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So much sweetness.

Over the last few weeks, we’ve talked about fall. I’ve come to see what a beautiful metaphor it is for shedding all the things not serving a purpose any longer. The leaves fall, releasing all that needs to be pruned away. And life follows suit.

I understand that now.

This year has been a series of endings. To outmoded ways of thinking, to worn out routines, to almost everything that has become familiar, including some relationships. This year has offered up a tough and often confusing mix of situations, with one just coming to a conclusion.

So much sweetness.  

This is what keeps playing in my head, like the chorus of a song with an unforgettable hook.

Here’s the beautiful thing. Whenever I thought I’ve been alone, completely adrift and on my own, I’ve been met with support. At times it was almost as if people fell out of bushes to give me messages of encouragement. Grace, somehow, in the sweetest of ways, has always been at my side. For this, I feel humbled and grateful.

Trust. This is what I’ve learned.

Trust in the unexpected and the unknown. Trust people—even, perhaps especially, people you never imagined—will stand in front of you with offerings of friendship and love. Trust, and the universe will rise up to catch you when you stumble, to push you when you think you cannot get up, to hold your hand when you are in need tenderness.

So much sweetness. 

That gives me faith in a future full of things that will serve me well.

One day I came out of the subway and was greeted by this sidewalk chalk inspiration. Signs are everywhere.


xo, with goodness and grace.


This week we celebrate the 5th anniversary of Goodness, Grace and Grub!

I’ve given a lot of thought to what this blog has meant to me, and it’s been challenging to think of it in a way that’s not cliche or trite.

But, here’s the deal.  The truth is, I started this blog for me.  I wish I could say I had lofty goals of changing the world by seeking only the good, but that wasn’t the case.  At the time, I found it—and sometimes still do—ridiculously easy to be sad or angry or unhappy with life.  I was fed up with the constant chatter in my head and the rage against people who were unkind or indifferent or just plain mean.

So I asked myself, what if I flipped the switch?  What if I paid attention to what was right and good and beautiful, instead of all the other stuff? What if I decided to be uplifted by the world, rather than brokenhearted by it?

And what I have found is grace.

I have found light.  I have discovered each of us is the light, and in those times when ours is shining dimly, we can rely on other people to help illuminate our path using their own beams.  We can be the beacon for one another, in a world where it sometimes feels like there isn’t enough to go around.  Our collective light is plentiful.

In this idea, I have become a light chaser.  I seek it in sunsets, in moonrises, in the love in someone’s eyes.  I know now that light is everywhere—it encircles us, encouraging us to show up as the people we know we can be.  All of us form a circle of light, and through support and comfort and by bringing our talents into the world, we uplift each other.  The light helps us become our best selves.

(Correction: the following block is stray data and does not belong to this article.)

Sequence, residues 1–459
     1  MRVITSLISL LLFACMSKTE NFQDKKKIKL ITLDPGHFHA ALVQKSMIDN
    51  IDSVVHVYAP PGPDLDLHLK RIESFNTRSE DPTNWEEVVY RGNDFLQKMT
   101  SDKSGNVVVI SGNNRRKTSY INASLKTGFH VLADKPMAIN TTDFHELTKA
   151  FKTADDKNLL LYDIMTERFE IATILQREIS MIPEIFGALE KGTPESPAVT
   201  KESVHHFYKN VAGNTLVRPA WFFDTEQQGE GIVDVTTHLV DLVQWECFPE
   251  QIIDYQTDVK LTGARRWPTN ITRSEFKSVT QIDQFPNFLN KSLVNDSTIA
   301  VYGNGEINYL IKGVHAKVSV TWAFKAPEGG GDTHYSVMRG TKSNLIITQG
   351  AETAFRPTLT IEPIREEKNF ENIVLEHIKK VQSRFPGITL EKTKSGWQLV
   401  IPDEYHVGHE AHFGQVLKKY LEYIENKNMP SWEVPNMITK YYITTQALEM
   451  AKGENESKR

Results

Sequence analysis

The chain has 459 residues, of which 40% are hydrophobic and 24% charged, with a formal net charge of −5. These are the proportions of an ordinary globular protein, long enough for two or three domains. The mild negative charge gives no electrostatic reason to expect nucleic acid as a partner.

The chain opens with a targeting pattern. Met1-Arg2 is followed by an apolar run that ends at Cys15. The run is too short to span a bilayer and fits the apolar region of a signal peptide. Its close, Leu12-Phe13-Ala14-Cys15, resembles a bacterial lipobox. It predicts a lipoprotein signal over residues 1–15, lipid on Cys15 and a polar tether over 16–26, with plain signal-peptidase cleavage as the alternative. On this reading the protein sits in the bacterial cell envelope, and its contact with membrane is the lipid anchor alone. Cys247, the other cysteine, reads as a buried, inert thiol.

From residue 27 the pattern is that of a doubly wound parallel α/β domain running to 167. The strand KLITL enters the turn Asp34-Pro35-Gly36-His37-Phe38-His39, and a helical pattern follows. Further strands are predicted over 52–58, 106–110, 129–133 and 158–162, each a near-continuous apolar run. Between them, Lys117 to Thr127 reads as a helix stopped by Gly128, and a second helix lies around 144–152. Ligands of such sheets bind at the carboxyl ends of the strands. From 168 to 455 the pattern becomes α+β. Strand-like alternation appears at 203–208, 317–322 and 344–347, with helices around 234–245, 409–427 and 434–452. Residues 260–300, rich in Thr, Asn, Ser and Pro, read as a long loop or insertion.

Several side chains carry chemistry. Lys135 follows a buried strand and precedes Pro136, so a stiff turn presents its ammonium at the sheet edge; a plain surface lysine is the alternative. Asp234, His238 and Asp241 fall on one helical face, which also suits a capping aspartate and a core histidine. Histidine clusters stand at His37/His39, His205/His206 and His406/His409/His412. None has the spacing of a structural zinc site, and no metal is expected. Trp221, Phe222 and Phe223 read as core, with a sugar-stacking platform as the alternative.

And so I say thank you.  To every restauranteur who has made me feel welcome in their establishment and every chef who have cooked me a beautiful meal, to every author whose words have inspired me to live a better life, to every friend who has sent me or Instagrammed pictures of their “signs of love,” to every person who has left a comment on this blog or sent a note to say something I wrote showed up in your life at the exact moment you needed to see it, to all of you, I say a very deep-hearted thank you.  In the times when I needed it most, you have lit my path to help me find my way in this world.

May light grace your days and brighten your nights this week and beyond.  Here’s to many more years of celebrating the beauty of life.

xo, with goodness and grace.

When my month of Grace & Gratitude ended, I felt a little lost without a means to share what moved me regularly.  There was a magnificent rhythm to living the day with eyes, heart, and mind open to the possibility of grace appearing.  As I published the last post of the series, I already missed it.

Grace of the Day (or Grub or Goodness of the Day) posts will allow me to keep the fire of presence alive.  I’ll still share Goodness, Grace and Grub posts, but these will allow me to concisely share what fills me with awe, maybe not daily, but more frequently.

For example.

Today I was having one of those conversations where I was trying to understand something.  I was in the space of why:  why did this unfold this way, why did I feel that way?  Why, why, why.

The very wise person I was talking to had been intently listening to me.  She stopped and took a breath before answering.  Then she very clearly and succinctly gave me an answer that brilliantly answered my whys.  Her answer gave me a perspective that I wouldn’t have thought of, and she answered in such a way that told me she fully understood me.

It was a moment where I felt completely connected, wholly tethered by the moment.

Moments of connection, where you are understood implicitly, are the epitome of grace.

I was on the subway this evening, cranky and tired from a day of work and still not feeling very well.  A man and his family got on the train; he was pushing a stroller and wearing a large backpack across his shoulders.

They were clearly tourists.  This, in my tired mind, was their first offense.

I should also add that one of my pet peeves is men who wield their giant and solidly packed backpacks, oblivious to the fact that anyone standing in their vicinity could be a casualty from one swift move, particularly on a crowded subway train.  It’s as if a new generation of men has spawned and they’ve been mandated to carry every single one of their personal belongings with them at all times.

This gentleman clearly belonged in this category.  At least in my mind.

The tourist man rolled the stroller just past me and claimed his spot, his backpack just skimming my handbag.  Every now and then, he would bend down to say something to his baby in the stroller.  Each time his backpack would bang into me.